Lloyd Banks On G-Unit’s 2002 Mixtape Run: ‘That Was My Favorite Year’
Lloyd Banks has said his favorite year as an MC was in 2002 during 50 Cent and G-Unit‘s iconic mixtape run.
During an appearance on the Rap Radar podcast, Banks realized that 2022 marked 20 years since the legendary run. The tapes released during this period included 50 Cent Is the Future, No Mercy No Fear and God’s Plan, and Banks said he had more fun during that triage of projects than he did when his debut solo album came out.
“That was I can honestly say probably my favorite year,” Banks said. “Even more than my solo album. ‘Cause going into that time, like I said [it started] from sitting in the house literally 8 o’clock at night to six in the morning just talking. Just talking about how it’s going to be. What they expect, you know what I mean? Like really preparing for this shit.”
He continued: “We would like to say we were like gearing up for the long run, but that’d be a lie. N-ggas was talking about how to be like a tornado. Like not, ‘Hey we from over here,’ like a tornado. Everything stopped … That type of energy, that urgency.”
20 years ago! G-Unit mixtape reign began. #RapRadarPodcast @Lloydbanks 🔊🔊 https://t.co/OTw9pQf6Qb pic.twitter.com/2n7gLyVVw7
— Elliott Wilson (@ElliottWilson) September 8, 2022
While G-Unit’s brief mixtape run was heralded as one of the group’s finest hours, Lloyd Banks had an equally as successful solo career when he kicked things off in 2004 with The Hunger For More. Banks’ debut project hit No. 1 on the Billboard 200, moving 433,000 units in its first week.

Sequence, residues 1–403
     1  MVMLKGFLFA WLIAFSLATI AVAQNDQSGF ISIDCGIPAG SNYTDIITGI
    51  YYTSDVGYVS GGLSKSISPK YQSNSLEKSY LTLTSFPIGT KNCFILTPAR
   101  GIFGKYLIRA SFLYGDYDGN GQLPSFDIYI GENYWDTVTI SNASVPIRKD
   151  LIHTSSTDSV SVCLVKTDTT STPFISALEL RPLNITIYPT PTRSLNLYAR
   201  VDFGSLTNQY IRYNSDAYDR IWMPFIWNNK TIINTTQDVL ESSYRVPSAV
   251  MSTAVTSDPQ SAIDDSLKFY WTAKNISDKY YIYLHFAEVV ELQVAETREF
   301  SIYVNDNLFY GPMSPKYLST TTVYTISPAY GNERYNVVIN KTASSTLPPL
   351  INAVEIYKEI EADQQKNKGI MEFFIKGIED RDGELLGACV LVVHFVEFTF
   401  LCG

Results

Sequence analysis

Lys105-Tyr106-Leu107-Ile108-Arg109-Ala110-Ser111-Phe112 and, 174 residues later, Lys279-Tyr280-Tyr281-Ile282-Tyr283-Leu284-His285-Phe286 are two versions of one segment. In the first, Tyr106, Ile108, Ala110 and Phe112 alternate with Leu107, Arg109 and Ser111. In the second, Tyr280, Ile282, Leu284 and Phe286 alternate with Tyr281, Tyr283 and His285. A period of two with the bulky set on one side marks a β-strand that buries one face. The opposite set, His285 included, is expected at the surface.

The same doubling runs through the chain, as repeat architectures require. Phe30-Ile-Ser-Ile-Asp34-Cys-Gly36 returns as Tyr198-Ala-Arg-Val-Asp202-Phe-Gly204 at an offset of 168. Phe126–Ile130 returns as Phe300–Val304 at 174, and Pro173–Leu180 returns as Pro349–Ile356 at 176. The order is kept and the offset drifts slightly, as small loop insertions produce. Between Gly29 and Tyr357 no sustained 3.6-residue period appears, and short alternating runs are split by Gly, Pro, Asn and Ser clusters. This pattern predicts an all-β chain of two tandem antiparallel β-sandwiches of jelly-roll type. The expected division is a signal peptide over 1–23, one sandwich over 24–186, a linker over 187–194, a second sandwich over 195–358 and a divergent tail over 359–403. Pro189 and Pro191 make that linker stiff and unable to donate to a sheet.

According to Banks, the success of Hunger For More led to an even greater album advance for his sophomore record. “My advance for my second album was like a million dollars,” Banks told Elliott Wilson and Brian ‘B.Dot’ Miller. “Those days are over,” the latter interjected.
“Yeah, I never told nobody that, but yeah” Banks continued. “But then imagine what the third one was supposed to be.”
Elsewhere in the interview, Banks explained the origin of his “Lazy Lloyd” nickname and tattoo, which he said was a tribute of sorts to Bone Thugs-n-Harmony‘s Layzie Bone.
“To be honest with you, it came from Layzie Bone,” Banks said. “I never told anybody that, except for him.”
B.Dot followed up by asking Banks if he ever wanted to be in the group, to which he replied: “Everybody did. Don’t sit here and act like… c’mon, man.”
Layzie Bone then shouted out Banks on his Instagram Stories, sharing a still from the interview and writing: “What a honor.”
Lloyd Banks dropped off his latest effort The Course of the Inevitable 2 in July, and said in an interview with HipHopDX that he is so inspired he feels like he could feed his fans for the next five years.
“Now, I feel like I’m fully capable of dropping an album for the next five years,” Banks said. “At least once a year, if not twice.”